Mary Ann Berlier Trentecosta, 1928-2005
By Elizabeth Mullener
Mary Ann Trentecosta was a woman of great enthusiasms: for Mardi Gras, for gardening, for shopping, dancing, decorating, cats, fashion. She was a woman who knew how to have a good time.
"On one of my last visits, I remember walking down the hallway to her room and she had Fats Domino playing," said her daughter, Charlene Trentecosta, "and I walked in and there she is, jitterbugging, by herself, to a 45 record."
Her lifelong friend Joyce Campiere, isn't surprised at all.
"Mary Ann was the healthiest 77-year-old I ever knew," she said. "She was youthful in her ways. She looked young, she stayed thin, she was so energetic."
A child of the Lower 9th Ward, born and reared on St. Maurice Street, Trentecosta graduated from Maumus High School and went to work as a clerk/typist for the Navy during World War II -- a government girl, as they were known -- at a discharge station at the Lakefront. Campiere worked in the office next door and the two teenagers had the time of their lives.
"We were young and all the sailors were so happy to be discharged," Campiere said. "We went on picnics and dances with them. We ate in the mess hall. That was a fun job."
The two women found fun as well on Canal Street, where they would get dressed up and spend the day.
"We were shopping buddies," Campiere said. "We'd go to town, have lunch sometimes at Holmes, go to Krauss. Once a year, we'd go to that oyster bar, Felix's, and get an oyster po-boy. Or we'd spend the day in the French Quarter, start off with coffee and beignets at Morning Call and then go to all the little shops."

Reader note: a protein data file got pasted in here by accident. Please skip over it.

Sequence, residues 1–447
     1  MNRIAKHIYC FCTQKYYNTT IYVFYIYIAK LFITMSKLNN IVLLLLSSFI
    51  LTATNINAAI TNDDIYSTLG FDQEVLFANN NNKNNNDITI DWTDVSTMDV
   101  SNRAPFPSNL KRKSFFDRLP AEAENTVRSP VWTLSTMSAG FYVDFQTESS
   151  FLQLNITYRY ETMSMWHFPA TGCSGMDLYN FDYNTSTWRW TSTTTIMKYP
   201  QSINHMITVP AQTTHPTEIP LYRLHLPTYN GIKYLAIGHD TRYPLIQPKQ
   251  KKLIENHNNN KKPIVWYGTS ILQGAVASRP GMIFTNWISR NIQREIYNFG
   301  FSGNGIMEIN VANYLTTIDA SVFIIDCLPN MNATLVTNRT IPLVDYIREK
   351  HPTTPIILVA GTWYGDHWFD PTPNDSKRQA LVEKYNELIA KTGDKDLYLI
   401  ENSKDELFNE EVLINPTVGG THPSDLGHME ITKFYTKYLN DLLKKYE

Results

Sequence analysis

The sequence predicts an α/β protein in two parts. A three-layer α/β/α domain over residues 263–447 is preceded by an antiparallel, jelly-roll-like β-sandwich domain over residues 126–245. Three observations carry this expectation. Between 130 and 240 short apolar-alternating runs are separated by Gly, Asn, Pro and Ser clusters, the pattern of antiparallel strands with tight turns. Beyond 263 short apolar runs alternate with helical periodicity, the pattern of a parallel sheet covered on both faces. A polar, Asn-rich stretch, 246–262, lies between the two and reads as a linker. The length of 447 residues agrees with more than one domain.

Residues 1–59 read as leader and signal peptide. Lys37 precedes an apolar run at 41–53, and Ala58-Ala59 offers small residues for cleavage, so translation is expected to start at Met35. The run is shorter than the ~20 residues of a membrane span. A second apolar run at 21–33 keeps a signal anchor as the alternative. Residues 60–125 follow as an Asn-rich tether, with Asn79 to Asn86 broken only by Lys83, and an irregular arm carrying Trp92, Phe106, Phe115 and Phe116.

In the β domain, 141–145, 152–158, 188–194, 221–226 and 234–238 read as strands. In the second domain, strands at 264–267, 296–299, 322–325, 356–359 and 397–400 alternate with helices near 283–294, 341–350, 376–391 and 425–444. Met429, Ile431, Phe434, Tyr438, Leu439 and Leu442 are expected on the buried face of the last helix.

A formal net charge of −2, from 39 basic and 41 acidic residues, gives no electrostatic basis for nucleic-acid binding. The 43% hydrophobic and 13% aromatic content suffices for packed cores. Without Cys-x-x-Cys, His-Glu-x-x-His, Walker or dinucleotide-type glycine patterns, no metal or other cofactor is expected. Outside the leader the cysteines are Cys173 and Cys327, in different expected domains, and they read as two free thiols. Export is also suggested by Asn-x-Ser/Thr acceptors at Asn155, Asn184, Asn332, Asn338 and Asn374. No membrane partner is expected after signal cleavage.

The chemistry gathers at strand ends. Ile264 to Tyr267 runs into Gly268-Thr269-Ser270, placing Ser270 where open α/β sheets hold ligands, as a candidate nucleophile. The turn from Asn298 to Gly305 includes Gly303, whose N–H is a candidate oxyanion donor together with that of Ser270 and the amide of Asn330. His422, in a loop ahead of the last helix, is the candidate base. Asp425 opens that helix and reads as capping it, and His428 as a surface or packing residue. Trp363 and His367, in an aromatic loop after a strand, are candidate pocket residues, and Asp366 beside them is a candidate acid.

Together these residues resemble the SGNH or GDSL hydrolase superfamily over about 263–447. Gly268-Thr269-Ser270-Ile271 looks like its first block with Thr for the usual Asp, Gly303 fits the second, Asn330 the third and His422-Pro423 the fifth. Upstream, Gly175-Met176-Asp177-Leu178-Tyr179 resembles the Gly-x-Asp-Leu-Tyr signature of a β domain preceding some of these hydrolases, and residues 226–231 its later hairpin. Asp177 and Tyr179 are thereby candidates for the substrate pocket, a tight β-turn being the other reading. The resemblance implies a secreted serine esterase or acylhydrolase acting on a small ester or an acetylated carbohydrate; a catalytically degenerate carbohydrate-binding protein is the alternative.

Later, Trentecosta took a job at the Port of Embarkation on Poland Avenue but soon quit to marry a man who went into the wedding-reception business, as part owner of the Chiffon Room in Arabi and the Tiffany Room in Chalmette. For awhile in the late 1970s, Trentecosta opened a business of her own, a women's clothing store called Purrfect Fashions.
For most of her life, though, Trentecosta cultivated homier pursuits. Although her husband died more than 20 years ago, she had three children, three grandchildren and one great-grandchild and she ran an animated household. Outside, her lively garden was full of pass-along plants: morning glories along the wooden fence, yellow-eyed daisies, angel's trumpets, maidenhair fern, four o'clocks and banana trees. Inside, she kept the rooms spruced up with seasonal decorations: for Christmas, Thanksgiving, Easter, Valentine's Day, Halloween and especially for Mardi Gras.
"Mardi Gras was one of her biggest things," says her daughter. "She was a member of Pandora. Oh my god, she was a Mardi Gras enthusiast."
Trentecosta had a taste for gambling, too, and made frequent forays to Las Vegas, where she would stay at the Mirage Hotel, play the roulette wheel and take in the big shows.
As Hurricane Katrina was bearing down on New Orleans, Trentecosta's friends and family beseeched her to leave.
"She turned everybody down," Charlene said. "She didn't want to be run off by any storm. She said, 'Baby, I don't even like to drive to Baton Rouge and that's only an hour and a half.' "
Charlene talked to her mother on Sunday night and again on Monday morning. All was well, Trentecosta reported, and she thought she'd take a nap.
"I think she slept through the whole thing," Charlene said. "I pray she slept through it. The water got about 6 feet high in her house. The bed floated up and turned around and landed by the door."
Five months after the storm, when Campiere returned to New Orleans, she found her telephone among her belongings.
"My daughter looked at the caller ID," she said, "and she said, 'Mama, Miss Mary Ann called on August 28th at 10-something in the morning.' She died on August 29th. I missed her last call."
Published in The Times-Picayune